Tectocepheidae Grandjean, 1954

Fischer, Barbara M. & Schatz, Heinrich, 2013, Biodiversity of oribatid mites (Acari: Oribatida) along an altitudinal gradient in the Central Alps, Zootaxa 3626 (4), pp. 429-454: 440-441

publication ID

http://dx.doi.org/10.11646/zootaxa.3626.4.2

publication LSID

lsid:zoobank.org:pub:6D8C178A-C46B-4595-84F5-9D732CBAF7C8

persistent identifier

http://treatment.plazi.org/id/D55C878B-992B-B526-FF0D-330F5C4B1195

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Plazi

scientific name

Tectocepheidae Grandjean, 1954
status

 

Tectocepheidae Grandjean, 1954 

Tectocepheus velatus sarekensis Trägårdh, 1910 

Distribution: semicosmopolitan: Holarctic, Oriental and Ethiopian regions, Central America, Australia and Pacific

Habitat: euryoecious species

Obergurgl area: This species has been recorded in all investigated sites: pine forest at 2050 m (Zirbenwald), Nardetum at 2300 m (Schönwieskopf), Caricetum at 2600 m (Hohe Mut), Androsacetum alpinae at 2900 m (Liebener Rippe); previous studies: 1960–1980 m (hay meadows), pine forest at 2050 m (Zirbenwald), 2100–2190 m (dwarf shrub community), 2250–2340 m (alpine meadows with lichen communities), 2500 m (scree slope), 2550–2650 m (alpine meadows), 2800–3100 m (Androsacetum alpinae)

Taxonomic remark: The taxonomic rank and position of “ T velatus  . sarekensis  ” is still unclear. Tectocepheus  species are primarily parthenogenetic. Nübel-Reidelbach (1994) lumped together the characters of different and heterogeneous populations, and she postulated all studied populations—except of T. minor  —as members of one large and polymorphic species, T. velatus  . Weigmann (2002) studied morphological differences between different populations and distinguished distinct groups, tentatively ranked at subspecific level (also in Weigmann 2006). Based on molecular analyses of nucleotide sequences, Laumann et al. (2007) suggested that the different morphotypes of Tectocepheus  evolved in absence of sexual reproduction, and that T. minor  , T. velatus  and T. sarekensis  are best considered as distinct species.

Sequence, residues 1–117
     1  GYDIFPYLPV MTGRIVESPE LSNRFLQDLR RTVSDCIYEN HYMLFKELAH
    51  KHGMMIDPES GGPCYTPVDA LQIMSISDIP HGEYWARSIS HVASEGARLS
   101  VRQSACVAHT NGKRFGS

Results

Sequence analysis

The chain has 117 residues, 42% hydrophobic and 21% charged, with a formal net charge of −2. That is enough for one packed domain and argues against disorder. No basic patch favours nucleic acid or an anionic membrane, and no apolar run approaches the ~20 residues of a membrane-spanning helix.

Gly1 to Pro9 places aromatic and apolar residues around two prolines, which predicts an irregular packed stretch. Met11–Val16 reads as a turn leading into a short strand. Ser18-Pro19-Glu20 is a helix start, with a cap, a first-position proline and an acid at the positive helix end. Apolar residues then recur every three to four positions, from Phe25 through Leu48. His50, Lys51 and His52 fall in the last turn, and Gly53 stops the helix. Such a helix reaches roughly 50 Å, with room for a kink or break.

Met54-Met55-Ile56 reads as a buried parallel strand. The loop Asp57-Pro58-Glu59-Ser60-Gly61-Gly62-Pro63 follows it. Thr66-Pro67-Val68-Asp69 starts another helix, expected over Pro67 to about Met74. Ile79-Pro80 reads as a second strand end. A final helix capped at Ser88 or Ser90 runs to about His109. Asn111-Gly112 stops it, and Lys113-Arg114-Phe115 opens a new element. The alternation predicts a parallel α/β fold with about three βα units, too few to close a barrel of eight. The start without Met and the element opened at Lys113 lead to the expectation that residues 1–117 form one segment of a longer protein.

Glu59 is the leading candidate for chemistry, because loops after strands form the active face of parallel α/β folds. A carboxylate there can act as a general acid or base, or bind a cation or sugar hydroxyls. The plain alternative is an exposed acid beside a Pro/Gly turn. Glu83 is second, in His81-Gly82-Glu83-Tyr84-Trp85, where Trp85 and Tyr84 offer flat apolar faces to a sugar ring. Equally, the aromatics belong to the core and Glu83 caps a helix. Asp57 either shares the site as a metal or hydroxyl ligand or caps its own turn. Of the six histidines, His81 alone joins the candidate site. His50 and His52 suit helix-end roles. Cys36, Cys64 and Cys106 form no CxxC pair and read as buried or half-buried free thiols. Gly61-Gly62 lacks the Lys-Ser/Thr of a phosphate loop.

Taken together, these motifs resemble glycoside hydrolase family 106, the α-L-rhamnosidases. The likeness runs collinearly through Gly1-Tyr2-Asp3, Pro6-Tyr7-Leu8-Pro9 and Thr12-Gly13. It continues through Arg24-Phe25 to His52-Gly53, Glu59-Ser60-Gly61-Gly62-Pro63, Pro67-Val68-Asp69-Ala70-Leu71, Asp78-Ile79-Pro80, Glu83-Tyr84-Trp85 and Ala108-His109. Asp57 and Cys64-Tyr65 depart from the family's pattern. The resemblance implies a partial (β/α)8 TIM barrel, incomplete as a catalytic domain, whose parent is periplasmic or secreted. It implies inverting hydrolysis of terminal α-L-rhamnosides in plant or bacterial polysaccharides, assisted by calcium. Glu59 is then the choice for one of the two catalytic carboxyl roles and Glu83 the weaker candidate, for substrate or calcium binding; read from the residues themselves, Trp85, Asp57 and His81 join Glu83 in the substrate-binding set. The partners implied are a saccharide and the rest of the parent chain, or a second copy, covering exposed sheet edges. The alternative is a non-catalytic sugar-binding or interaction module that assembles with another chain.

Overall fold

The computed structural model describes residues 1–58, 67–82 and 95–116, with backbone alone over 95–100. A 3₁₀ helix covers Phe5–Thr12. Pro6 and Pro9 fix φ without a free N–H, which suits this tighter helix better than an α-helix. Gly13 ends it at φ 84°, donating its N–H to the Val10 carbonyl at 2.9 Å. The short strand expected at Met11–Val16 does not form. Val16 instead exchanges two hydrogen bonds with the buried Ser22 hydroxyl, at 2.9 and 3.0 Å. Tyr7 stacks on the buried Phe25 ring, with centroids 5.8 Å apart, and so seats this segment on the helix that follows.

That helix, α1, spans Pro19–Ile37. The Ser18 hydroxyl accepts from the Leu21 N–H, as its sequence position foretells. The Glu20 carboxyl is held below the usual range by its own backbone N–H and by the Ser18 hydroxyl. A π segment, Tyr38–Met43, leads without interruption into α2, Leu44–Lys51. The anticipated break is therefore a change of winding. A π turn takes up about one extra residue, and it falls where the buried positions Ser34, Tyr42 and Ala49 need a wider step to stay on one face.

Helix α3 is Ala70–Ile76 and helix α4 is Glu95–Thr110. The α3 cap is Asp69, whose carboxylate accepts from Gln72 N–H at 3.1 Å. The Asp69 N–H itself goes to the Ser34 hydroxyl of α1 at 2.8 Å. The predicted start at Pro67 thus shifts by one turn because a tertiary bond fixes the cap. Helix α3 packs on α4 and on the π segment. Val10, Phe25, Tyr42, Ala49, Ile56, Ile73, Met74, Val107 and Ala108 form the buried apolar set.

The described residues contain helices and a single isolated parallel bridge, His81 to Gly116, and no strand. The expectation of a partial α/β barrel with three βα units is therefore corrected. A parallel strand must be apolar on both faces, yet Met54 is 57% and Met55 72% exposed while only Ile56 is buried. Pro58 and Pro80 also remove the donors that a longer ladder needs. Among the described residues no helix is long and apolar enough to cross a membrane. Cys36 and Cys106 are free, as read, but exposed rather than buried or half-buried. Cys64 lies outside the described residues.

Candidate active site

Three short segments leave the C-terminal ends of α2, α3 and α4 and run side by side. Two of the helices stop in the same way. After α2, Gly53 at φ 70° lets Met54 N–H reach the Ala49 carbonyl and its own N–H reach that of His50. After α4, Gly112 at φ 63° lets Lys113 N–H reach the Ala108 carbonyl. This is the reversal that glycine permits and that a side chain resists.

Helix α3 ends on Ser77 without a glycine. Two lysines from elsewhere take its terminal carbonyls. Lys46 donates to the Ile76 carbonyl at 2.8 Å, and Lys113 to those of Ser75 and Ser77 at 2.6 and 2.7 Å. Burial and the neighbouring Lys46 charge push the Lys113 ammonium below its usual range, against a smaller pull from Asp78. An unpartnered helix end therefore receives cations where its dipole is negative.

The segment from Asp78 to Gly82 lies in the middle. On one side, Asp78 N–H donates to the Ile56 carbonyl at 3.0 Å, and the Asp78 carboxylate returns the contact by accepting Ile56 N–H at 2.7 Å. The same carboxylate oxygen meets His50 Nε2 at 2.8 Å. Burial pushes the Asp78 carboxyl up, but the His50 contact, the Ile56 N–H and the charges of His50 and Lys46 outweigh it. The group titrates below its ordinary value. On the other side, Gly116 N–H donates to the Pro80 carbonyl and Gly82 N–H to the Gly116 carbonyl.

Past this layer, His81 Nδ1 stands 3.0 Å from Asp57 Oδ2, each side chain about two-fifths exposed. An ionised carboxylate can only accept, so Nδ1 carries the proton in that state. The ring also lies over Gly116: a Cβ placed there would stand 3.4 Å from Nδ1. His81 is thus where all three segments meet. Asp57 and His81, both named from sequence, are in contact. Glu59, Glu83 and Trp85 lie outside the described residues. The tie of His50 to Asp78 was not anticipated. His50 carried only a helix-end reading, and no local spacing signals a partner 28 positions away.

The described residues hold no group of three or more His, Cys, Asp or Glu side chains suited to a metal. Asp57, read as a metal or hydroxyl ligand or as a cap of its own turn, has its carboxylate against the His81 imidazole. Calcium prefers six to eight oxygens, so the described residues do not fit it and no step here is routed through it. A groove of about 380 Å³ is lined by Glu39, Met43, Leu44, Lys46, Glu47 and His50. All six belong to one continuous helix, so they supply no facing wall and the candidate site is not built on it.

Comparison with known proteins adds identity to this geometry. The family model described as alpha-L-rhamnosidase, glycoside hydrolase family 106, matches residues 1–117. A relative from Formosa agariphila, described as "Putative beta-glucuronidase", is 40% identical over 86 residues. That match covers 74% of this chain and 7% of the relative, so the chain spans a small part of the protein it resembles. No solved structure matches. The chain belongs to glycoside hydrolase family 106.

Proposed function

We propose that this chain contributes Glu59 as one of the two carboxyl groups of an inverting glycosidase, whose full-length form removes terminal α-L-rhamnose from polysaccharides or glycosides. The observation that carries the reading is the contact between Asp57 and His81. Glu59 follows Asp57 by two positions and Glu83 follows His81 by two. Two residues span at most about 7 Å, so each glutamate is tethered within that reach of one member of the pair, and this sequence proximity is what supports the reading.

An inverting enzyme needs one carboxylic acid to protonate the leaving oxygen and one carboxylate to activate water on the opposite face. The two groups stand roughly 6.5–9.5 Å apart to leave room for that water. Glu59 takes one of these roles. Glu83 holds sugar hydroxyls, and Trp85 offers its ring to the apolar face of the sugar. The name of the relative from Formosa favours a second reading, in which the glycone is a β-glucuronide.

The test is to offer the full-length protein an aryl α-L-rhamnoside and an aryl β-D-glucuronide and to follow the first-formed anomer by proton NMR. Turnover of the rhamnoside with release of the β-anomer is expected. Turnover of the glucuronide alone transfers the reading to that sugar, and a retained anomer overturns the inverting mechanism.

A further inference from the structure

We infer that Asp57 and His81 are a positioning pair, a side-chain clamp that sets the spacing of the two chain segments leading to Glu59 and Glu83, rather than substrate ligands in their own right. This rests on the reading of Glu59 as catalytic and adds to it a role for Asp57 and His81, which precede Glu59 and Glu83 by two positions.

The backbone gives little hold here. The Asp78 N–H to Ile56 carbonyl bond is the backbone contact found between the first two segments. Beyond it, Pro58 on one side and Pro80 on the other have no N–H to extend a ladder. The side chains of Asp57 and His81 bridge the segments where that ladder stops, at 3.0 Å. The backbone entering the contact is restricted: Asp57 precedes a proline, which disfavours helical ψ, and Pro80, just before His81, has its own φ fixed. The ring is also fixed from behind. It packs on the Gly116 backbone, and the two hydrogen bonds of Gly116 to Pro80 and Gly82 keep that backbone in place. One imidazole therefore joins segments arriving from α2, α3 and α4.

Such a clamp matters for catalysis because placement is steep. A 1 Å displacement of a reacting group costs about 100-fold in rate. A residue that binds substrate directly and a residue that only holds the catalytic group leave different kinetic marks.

Tectocepheus velatus tenuis Knülle, 1954 

Distribution: Germany, Czech Republic, European Russia, Central Asia

Habitat: rather dry and sandy dune areas and heath

Obergurgl area: pine forest at 2050 m (Zirbenwald), Nardetum at 2300 m (Schönwieskopf), Caricetum at 2600 m (Hohe Mut)

Remark: See T. velatus sarekensis 

Tectocepheus velatus velatus (Michael, 1880) 

Distribution: almost cosmopolitan, including Antarctic and Subantarctic Islands

Habitat: undifferentiated, euryoecious species

Obergurgl area: 2050 m (Zirbenwald), Nardetum at 2300 m (Schönwieskopf); previous studies: 2190 m (dwarf shrub community), 2250–2340 m (alpine meadows with lichen communities), 2500 m (scree slope), 2550–2650 m (alpine meadows), 2800–3100 m (Androsacetum alpinae)

Remark: See T. velatus sarekensis 

Tectocepheus  sp.

Obergurgl area: Caricetum at 2600 m (Hohe Mut)

Remark: The most evident character of this species is the pointed and long lamellar cusp which protrudes beyond the prodorsum. The space between the lamellar cusps is depressed and typically longitudinally striped. The notogaster shows three pairs of notogastral depressions between the pteromorphs. This species is apparently new to science and has also been found in Northern Italy—Prov. Bolzano (Fischer & Schatz 2007; Schatz 2008); it seems to be restricted to alpine regions. A description is in preparation.